|9 Apr 2005 - 10 Apr 2005||All day||CRASSH|
CRASSH, 17 Mill Lane, Cambridge, UK
An International Network 2004-2006 funded by the British Academy & CRASSH
The Mongolian and Inner Asian Studies Unit (MIASU), Department of Social Anthropology, University of Cambridge
The Weatherhead East Asian Institute (WEAI), School of International and Public Affairs, Columbia, USA
Saturday 9 April: 9.00-12.30, 14.00-17.00
Sunday 10th April: 9.00-12.30, 14.00-15.00.
This project brings together researchers working on contemporary China, and particularly on nationality issues, with anthropologists and others working on studies of the late socialist period in the USSR and other former socialist countries, with late socialism defined loosely here to include the late- and post-Kruschev era in the Soviet block, and the post-Mao era in China. The project also seeks to privilege the insights of self-reflective anthropologists – those who apply anthropological methods of critical analysis to what are or were their own societies, notably in the USSR, Mongolia and China.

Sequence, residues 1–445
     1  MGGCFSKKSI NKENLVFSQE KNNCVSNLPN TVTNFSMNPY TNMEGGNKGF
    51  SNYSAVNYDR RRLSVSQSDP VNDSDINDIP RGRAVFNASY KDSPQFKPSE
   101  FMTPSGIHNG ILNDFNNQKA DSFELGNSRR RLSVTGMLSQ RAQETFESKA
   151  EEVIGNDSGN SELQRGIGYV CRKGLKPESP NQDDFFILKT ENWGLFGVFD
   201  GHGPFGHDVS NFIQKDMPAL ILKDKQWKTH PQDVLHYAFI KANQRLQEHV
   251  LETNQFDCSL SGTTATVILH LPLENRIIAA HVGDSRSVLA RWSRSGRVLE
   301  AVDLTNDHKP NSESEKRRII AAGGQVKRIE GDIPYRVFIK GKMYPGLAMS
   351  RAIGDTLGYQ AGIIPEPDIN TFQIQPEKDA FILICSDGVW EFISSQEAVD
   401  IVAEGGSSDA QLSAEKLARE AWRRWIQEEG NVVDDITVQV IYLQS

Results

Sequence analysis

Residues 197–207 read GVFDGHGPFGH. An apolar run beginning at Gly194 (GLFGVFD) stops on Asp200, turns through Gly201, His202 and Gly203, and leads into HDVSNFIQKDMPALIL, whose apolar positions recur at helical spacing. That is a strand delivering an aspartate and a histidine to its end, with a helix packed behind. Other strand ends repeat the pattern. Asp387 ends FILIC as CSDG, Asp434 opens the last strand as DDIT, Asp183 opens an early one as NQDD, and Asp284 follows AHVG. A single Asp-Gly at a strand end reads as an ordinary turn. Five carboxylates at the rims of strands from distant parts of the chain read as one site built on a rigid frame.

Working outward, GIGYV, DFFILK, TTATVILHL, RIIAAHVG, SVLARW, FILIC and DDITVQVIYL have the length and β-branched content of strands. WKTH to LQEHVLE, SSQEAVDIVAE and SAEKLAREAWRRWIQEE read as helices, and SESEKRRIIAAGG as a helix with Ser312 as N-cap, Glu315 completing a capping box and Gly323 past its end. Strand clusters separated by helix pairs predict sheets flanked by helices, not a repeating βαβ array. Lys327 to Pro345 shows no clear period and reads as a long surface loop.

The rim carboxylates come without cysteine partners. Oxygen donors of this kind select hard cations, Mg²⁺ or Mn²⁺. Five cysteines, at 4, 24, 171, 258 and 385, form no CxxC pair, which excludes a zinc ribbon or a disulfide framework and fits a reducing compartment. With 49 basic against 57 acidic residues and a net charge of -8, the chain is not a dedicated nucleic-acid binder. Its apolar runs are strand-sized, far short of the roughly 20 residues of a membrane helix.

The project establishes a mini-network of scholars with expertise in this field who use historical, anthropological and other critical methods. They include researchers who focus on the USSR, Mongolia and the nations of Eastern Europe, as well as scholars working on Inner Mongolia, Tibet, Xinjiang and other areas of China.
The project concerns the study of cadres in these areas and the discursive systems that underpin their work, their thinking and their lives. We began this exercise by posing a deliberately crude analogy between the late socialist Soviet block and contemporary China nationality areas, which can in fact also be applied to other parts of China. The purpose here is to provoke questions about whether the study of one area can learn from the study of the other.
In particular, we wanted to focus on the people who in those societies produced or disseminated writings, policies and public speech: the cadres. So the project looks at ways in which their functions are or were sustained by discourse, and, if so, how those discourses operate, change and maintain themselves. Essentially, we are seeking tools for reading cadres and the discourses within which they operate in these societies.